Most Israelis believe the year-old Gaza closure has not been effective, a new poll found.
The poll commissioned by the human rights groups Gisha-Legal Center for Freedom of Movement and Physicians for Human Rights-Israel found that 83 percent of Israelis believe that Hamas has become stronger since the closure of Gaza in June 2007.
Sixty-eight percent of those polled believe Israel’s security has deteriorated since then.
There is little or no chance that Israel’s policy in Gaza will cause the Palestinian population to bring down Hamas, according to 78 percent of the 600 respondents.
Seventy-nine percent believe the closure primarily affects the civilian population in Gaza and causes hardships in the daily lives of the residents. In addition, 60 percent think the closure is making life so hard for Gaza residents that it is likely to push them toward Islamic extremism, compared to 37 percent who did not agree.
Two-thirds of the respondents said the closure is making Israel’s standing in the world worse.
“There is a striking agreement across political and ideological lines that the closure is likely to drive people towards extremism, and there is a strong consensus that the closure primarily affects civilians but is completely ineffective at causing them to change the Hamas regime,” said independent pollster Dahlia Scheindlin.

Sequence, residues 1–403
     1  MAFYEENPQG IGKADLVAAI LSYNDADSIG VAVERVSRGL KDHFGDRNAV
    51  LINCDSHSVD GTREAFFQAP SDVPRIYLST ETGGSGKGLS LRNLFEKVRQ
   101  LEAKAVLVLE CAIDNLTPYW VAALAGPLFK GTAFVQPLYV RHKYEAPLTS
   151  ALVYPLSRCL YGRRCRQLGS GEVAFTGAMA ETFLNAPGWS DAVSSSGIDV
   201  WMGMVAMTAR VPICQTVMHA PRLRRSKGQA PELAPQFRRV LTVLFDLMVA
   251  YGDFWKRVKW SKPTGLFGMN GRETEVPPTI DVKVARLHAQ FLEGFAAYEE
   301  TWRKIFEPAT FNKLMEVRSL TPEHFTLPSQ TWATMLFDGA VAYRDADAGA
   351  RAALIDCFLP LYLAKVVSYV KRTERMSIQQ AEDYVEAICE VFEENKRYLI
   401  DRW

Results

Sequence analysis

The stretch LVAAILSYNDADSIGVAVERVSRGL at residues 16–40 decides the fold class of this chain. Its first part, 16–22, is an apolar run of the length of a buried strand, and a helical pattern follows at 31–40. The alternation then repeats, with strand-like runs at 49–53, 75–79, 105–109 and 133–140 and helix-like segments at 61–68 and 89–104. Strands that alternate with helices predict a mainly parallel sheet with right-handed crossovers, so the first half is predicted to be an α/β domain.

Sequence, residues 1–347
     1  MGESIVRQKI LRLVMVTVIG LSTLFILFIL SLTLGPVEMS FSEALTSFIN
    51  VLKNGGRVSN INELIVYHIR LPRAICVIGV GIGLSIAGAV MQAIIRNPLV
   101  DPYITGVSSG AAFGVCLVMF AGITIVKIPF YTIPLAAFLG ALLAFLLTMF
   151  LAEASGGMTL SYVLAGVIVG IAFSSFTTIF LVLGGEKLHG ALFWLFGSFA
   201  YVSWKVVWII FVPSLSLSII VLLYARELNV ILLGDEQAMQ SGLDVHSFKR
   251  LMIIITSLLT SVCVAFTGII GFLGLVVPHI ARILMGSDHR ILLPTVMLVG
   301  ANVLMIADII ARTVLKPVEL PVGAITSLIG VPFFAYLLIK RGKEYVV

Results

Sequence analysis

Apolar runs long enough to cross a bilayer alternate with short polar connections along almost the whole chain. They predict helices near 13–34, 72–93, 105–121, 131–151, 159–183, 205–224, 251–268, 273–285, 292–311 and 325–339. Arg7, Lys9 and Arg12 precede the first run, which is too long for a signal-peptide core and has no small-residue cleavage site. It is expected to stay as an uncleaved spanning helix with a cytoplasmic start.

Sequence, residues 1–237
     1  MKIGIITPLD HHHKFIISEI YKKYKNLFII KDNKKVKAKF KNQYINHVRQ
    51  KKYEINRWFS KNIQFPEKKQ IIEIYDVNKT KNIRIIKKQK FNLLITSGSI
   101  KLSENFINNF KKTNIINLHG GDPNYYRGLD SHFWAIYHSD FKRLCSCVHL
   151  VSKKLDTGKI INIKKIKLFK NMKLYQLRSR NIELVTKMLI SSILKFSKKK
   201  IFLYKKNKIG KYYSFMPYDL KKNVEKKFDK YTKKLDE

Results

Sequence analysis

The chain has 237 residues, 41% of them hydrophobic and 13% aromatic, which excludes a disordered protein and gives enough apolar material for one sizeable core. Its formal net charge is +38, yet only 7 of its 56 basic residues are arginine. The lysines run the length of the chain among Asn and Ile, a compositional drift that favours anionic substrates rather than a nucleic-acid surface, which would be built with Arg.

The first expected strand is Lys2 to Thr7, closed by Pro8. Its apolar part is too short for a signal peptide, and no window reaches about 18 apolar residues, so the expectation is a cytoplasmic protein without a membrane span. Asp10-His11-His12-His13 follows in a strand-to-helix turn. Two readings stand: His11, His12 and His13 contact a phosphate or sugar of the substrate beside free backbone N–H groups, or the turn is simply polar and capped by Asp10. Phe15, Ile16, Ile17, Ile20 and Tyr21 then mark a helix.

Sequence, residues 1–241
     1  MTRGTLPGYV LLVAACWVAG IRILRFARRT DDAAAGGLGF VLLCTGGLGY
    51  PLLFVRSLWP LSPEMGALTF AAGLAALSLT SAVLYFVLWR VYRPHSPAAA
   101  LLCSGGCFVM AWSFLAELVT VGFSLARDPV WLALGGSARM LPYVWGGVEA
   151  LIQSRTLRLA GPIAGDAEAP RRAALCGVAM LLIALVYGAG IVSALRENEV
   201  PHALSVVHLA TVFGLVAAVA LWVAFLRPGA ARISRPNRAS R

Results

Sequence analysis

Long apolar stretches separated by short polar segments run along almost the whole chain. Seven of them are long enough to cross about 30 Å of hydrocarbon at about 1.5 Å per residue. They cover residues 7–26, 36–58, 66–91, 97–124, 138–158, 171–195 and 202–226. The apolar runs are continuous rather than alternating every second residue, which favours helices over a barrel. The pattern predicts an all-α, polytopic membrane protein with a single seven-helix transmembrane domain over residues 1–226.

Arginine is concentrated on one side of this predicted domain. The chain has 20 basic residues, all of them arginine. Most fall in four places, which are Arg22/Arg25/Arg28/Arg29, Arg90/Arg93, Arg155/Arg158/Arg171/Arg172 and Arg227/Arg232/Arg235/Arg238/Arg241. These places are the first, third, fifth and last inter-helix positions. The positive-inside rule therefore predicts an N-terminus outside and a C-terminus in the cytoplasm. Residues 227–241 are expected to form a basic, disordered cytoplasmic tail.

The poll of Hebrew-speaking Jewish Israelis was conducted June 1-11. It has a margin of error of 4.5 percent.
Two Israeli soldiers held hostage by Hezbollah are “on their way home,” an Israeli Cabinet minister said.
In the first formal acknowledgement from Jerusalem that a prisoner swap with the Lebanese militia is in the works, Infrastructure Minister Binyamin Ben-Eliezer said Wednesday that Israel will likely have to free jailed terrorist Samir Kuntar, as demanded by Hezbollah, to retrieve Ehud Goldwasser and Eldad Regev.
“Goldwasser and Regev are on their way home, and if that means we have to free Kuntar, then we have to free Kuntar,” Ben-Eliezer told Israel Radio.
He did not say when the deal might be sealed or how the soldiers – who were abducted in a July 12, 2006 border ambush and whose condition is unknown – would be repatriated.
Lebanese media have described a swap as imminent and said it could take place in Germany, which has been mediating between Israel and Hezbollah.
The Archive of the Jewish Telegraphic Agency includes articles published from 1923 to 2008. Archive stories reflect the journalistic standards and practices of the time they were published.